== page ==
Communication counseling addresses issues, which affect just about every human being. Many of us know that we should communicate effectively in order to maintain healthy relationships--both personally and professionally, but, what exactly does it mean to communicate effectively? Very few of us are master communicators and many of us have a hard time expressing exactly what we need. Even if we practice a conversation before hand--it often sounds way better in our heads than it does coming out. Because of communication issues, we fail to be heard, our message is lost, and then we fail to listen. We misunderstand others, they misunderstand us, and a tiny issue can blow up into a massive complication very quickly if we aren’t careful.
Are you and your partner having communication issues?
Communication counseling can help. So many times the love is there, the intention is there, the effort to make things work is there, yet the individual messages simply do not connect. One of the biggest challenges that couples face when trying to communicate in conflict is their own personal pain and storyline. When we are in pain it is very hard to see through that pain, even if we are looking directly at the person we love and trust most. This lack of perception will leave us desperately searching for some type of relief. Therefore, in order to release our tension we will often project our pain onto someone else. We do this by yelling, insulting, or getting defensive. However, projection never works and the unpleasant impulses are later reflected back to us--sometimes with even greater force.
The only way out of the pain is through compassionate resolution, and it takes communicating in a respectful and clear way to get there. By establishing healthy dialogue with your partner and learning how to share your feelings and properly address conflict, it is possible to build a relationship that is strong and fulfilling.
We don’t all communicate in the same way
There are several different communication styles that we practice according to how our life experience has shaped us. Some of the most common communication styles are: passive, aggressive, passive-aggressive, and assertive.
Passive communicators believe their needs don’t matter. They appear very small and timid and they will avoid confrontation at all cost. They are people pleasers even at their own expense. They often become resentful.
Aggressive communicators believe that only their needs matter. They will accuse, threaten, insult, yell, and dominate. They have a tendency to get into relationships with passive people.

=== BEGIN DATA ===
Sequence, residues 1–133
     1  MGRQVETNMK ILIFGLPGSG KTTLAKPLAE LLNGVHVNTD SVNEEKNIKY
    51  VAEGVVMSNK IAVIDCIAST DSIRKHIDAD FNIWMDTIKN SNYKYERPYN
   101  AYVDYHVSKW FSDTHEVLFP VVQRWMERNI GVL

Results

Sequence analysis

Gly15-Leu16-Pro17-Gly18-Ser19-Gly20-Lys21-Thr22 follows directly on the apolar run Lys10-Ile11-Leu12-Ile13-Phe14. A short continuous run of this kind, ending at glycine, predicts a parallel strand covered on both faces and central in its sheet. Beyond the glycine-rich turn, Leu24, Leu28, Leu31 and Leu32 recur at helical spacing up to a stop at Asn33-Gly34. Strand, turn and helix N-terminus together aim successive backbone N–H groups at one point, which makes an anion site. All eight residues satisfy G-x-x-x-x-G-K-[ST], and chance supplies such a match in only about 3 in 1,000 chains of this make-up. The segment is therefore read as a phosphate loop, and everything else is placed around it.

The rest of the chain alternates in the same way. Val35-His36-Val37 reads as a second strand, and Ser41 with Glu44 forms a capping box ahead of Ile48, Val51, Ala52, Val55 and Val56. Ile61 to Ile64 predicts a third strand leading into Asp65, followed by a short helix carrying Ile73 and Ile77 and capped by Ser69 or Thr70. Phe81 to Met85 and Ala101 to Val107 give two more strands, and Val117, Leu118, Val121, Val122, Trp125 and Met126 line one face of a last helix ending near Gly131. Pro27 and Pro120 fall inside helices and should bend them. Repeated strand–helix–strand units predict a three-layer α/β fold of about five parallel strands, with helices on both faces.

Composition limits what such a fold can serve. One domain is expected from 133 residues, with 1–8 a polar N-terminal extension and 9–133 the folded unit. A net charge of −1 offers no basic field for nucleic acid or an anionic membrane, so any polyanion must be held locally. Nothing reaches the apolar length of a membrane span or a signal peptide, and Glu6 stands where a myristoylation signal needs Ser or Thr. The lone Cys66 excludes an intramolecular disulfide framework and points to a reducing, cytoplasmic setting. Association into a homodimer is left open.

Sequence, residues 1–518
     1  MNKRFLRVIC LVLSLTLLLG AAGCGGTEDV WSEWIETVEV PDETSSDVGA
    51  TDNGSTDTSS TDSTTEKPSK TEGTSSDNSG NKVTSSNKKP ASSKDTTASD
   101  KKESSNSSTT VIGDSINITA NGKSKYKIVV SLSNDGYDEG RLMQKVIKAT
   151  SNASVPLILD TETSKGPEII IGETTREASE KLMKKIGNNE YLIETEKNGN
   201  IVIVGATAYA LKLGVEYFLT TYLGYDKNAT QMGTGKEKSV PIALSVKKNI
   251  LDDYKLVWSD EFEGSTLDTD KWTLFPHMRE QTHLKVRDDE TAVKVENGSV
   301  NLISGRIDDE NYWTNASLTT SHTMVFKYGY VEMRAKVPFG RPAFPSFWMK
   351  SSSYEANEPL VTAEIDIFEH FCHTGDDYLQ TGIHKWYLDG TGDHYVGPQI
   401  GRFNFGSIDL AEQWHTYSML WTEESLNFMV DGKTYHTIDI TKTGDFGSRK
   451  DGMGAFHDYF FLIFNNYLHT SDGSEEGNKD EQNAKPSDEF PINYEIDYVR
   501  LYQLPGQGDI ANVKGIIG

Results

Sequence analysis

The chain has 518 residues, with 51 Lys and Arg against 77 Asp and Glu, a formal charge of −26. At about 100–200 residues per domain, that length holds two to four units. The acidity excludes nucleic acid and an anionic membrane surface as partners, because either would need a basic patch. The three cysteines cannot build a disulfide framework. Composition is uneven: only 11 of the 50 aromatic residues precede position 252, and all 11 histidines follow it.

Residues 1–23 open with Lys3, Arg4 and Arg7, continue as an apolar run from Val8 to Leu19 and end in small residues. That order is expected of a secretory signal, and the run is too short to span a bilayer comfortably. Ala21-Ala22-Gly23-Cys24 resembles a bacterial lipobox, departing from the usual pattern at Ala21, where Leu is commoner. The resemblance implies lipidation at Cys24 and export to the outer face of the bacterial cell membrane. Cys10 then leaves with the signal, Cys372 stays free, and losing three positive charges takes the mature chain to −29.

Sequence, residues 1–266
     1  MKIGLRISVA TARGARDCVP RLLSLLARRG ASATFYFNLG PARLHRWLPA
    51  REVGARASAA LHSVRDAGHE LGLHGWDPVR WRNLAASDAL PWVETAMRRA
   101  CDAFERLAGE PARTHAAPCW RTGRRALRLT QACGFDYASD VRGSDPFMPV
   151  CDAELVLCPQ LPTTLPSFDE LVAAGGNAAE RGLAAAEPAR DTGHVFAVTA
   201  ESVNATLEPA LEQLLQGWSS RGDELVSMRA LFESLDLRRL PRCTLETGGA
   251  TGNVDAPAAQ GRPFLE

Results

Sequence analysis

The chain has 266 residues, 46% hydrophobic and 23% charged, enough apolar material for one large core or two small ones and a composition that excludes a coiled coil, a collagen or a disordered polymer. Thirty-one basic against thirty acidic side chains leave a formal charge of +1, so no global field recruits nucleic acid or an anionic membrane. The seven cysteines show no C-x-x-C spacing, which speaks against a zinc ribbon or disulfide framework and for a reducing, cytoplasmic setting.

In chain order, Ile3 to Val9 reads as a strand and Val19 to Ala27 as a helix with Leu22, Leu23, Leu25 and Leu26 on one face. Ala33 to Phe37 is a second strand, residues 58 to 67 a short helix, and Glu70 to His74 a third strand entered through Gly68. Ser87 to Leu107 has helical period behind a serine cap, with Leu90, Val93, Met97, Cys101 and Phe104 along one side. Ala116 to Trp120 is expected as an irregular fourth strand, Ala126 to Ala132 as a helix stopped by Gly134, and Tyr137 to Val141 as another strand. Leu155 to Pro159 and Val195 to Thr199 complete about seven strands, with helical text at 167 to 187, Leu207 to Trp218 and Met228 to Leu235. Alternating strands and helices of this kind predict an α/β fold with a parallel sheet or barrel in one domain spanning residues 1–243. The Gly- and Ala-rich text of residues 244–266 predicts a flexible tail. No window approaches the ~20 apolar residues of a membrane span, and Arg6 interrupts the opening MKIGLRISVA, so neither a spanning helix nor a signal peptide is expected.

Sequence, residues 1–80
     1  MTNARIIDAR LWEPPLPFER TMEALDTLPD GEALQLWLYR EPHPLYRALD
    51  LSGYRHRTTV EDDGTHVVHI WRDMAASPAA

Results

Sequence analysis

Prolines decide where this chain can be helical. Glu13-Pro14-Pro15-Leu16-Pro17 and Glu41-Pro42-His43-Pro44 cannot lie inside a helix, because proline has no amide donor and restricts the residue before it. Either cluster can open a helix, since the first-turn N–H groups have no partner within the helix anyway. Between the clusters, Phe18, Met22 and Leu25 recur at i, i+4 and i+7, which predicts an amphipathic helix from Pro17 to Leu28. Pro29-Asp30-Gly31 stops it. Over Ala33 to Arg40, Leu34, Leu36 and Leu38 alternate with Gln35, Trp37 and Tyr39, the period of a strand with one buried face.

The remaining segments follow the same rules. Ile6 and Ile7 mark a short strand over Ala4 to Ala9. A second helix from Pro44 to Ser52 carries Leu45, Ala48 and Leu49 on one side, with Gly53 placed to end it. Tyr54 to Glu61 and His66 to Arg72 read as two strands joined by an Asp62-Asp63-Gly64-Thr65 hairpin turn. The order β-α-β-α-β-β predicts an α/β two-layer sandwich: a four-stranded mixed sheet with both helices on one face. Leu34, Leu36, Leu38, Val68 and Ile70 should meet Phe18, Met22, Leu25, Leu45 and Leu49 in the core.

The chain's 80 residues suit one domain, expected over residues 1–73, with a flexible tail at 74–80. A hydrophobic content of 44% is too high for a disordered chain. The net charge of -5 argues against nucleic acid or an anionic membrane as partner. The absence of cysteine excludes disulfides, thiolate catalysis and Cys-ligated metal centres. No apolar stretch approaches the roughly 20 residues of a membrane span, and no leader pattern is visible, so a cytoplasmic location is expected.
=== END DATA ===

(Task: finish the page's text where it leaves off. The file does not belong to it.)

Passive-aggressive communicators will express their anger in the form of manipulation and guilt. They will feel aggressive and act out of anger, however they will hide their aggression under very passive behaviors such as, remaining silent, “forgetting” things, and changing plans at the last minute.
Assertive communicators will recognize that everyone’s needs are important and they practice honest, neutral language. Assertiveness requires a certain amount of emotional vulnerability. This type of communicator will use their level of maturity to seek out healthier relationships where needs are met, feelings are expressed, and everyone involved feels heard, seen, and connected, most of the time.
Which communication style do you resonate with most? Which style describes the way your partner communicates? How can you become more assertive in the way you communicate? Bringing awareness, through communication counseling, to these variables is the first step. Paying attention to your feelings and the way you express yourself in the darkest of moments is how you will gain the insight you need to change your behaviors. Typically, our communication problems at home are similar to the communication problems that we have at work. Therefore, learning communication skills such as, non-violent communication and active listening is so important in order to enhance all aspects of your life. If you are ready to create long-lasting, mutually respectful peer relationships, contact me today to schedule an appointment in my Longmont or Boulder, CO office.